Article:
The big impact of Brexit on Ireland’s small businesses
Opinion: there is no doubt that Brexit will impact small businesses, but the impact is and will be different for different sectors
The economic and political uncertainty surrounding Brexit is a constant in our news cycle since the referendum in the UK in 2016 and there is little sign of the uncertainty dissipating. Estimates of Ireland’s national level of Brexit trade-related risk exposure are in the region of 10% of GDP. Estimates of this magnitude are not surprising, given our trade and business links to the UK.
Ireland’s small businesses particularly exposed to Brexit. In Ireland, over 90% of businesses are micro-businesses with less than 10 employees and almost eight percent are small businesses with between 10 and 49 employees.
There is no doubt that Brexit, whatever its final form, will impact small businesses, but the impact is and will be different for different businesses. Businesses that trade with the UK will potentially be affected by currency risk, trade tariffs and new regulations. Small and micro businesses account for 85% of all Irish enterprises exporting to the UK, with micro-businesses accounting for over half of all Irish firms exporting to the UK.
For some businesses, supply chains will be affected – for example, businesses that source products, components or services from the UK. In fact, Irish small businesses are likely to be disproportionately affected by a shock to supply chains as they comprise the majority of importers in certain sectors.
While some businesses do not have direct links with the UK, they will be affected by any contraction of the Irish economy in the aftermath of Brexit. There is evidence that Irish consumers are already predicting difficult times ahead as evidenced in February’s Consumer Sentiment Index. The uncertainty caused by Brexit will also be an impediment for potential start-ups. Exporting to the UK usually serves as a training ground and testbed for new businesses and entrepreneurs.
In fact, the uncertainty caused by Brexit is already impacting how small businesses in Ireland do business. Typically, in booming economies, businesses invest and expand, but Brexit is already adversely affecting business confidence and investment. As Ireland’s economy continues to grow, the AIB Brexit Sentiment Index reports that one in three small and medium-sized enterprise (SMEs) in Ireland have either postponed or cancelled investment plans due to Brexit. We know investing in innovation and technology is important for productivity and job growth, and so delayed investment and barriers to innovative activities in small businesses will have knock-on effects for the wider economy.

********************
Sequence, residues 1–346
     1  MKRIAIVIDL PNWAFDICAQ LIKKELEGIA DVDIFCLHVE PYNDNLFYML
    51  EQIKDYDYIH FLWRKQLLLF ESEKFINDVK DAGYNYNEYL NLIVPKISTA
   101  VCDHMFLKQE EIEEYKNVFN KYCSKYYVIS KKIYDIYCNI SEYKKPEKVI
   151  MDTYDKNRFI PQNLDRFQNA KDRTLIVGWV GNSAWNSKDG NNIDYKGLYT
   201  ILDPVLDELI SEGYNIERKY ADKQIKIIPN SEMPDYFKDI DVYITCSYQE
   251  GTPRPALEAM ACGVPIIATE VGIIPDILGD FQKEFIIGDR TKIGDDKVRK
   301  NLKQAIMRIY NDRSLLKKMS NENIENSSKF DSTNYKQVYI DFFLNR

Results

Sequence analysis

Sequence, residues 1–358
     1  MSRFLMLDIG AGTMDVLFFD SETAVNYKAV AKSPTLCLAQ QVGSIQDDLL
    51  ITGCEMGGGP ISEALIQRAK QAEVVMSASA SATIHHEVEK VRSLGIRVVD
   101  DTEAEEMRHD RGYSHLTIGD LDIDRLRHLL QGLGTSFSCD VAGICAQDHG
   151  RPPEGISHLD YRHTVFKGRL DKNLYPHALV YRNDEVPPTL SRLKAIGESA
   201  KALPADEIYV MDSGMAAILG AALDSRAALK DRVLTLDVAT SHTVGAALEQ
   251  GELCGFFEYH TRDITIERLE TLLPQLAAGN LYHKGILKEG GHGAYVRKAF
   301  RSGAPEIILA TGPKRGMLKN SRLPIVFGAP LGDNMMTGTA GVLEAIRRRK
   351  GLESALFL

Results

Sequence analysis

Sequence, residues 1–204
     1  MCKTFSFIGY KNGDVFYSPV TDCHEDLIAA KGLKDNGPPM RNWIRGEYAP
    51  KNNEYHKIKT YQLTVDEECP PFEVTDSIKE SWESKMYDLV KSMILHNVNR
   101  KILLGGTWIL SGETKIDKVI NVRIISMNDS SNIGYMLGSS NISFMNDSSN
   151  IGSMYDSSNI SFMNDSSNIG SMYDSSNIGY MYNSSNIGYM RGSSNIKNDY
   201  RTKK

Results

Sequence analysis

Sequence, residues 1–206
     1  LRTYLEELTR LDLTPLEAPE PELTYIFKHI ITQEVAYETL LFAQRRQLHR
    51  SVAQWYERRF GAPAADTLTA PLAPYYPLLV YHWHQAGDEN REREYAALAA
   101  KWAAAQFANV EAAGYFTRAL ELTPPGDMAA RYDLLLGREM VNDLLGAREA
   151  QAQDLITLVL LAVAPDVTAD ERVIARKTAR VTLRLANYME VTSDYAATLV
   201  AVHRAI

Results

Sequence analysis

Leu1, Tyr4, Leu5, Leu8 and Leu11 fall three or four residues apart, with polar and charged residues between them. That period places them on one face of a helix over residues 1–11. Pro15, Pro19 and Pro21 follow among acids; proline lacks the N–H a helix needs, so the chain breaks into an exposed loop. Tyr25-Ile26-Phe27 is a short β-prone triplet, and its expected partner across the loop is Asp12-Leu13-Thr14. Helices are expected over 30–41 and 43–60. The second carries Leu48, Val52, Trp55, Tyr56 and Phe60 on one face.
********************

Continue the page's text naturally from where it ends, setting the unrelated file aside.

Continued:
A dampening of investment and innovation by small businesses is also worrying in the context of the widening gap between the most productive firms and the least productive firms in our economy. The most productive firms in Ireland tend to be concentrated in a small number of sectors that are largely-foreign owned, and are often referred to as “frontier” firms. Typically, these firms are multinationals. However, non-frontier firms, which are usually smaller and indigenous, have seen declines in productivity.
This situation is not unique to Ireland, with many developed economies attempting to grapple with the “productivity gap” between frontier and non-frontier firms. Economists are increasingly pointing to the diffusion of innovations and best practices as potential drivers of firm productivity. In other words, digital technology adoption, process innovations and best management practices are all important drivers of productivity in small businesses.
It is welcome to see Future Jobs Ireland focusing on “Improving SME Productivity”, with specific ambitions outlined in terms of exploiting technology and business process improvements and improving leadership and management skills. However, data on innovation, digital technology adoption and management skills is limited, particularly for Irish micro-businesses. While micro-businesses account for over 90% of all businesses, they are often excluded from surveys of innovation (e.g. the CSO’s Innovation in Irish Enterprises) and digitalisation (e.g. the OECD’s digital adoption survey) due to sampling limitations.
If we don’t know where we are starting from, how do we measure success, or failure, for that matter? What digital technologies are micro-businesses using? Does ambition, networks or sectoral norms influence adoption and implementation? How innovative are our micro-businesses, not only in terms of the goods and service they provide, but also in relation to processes, organisational structures and management skills?
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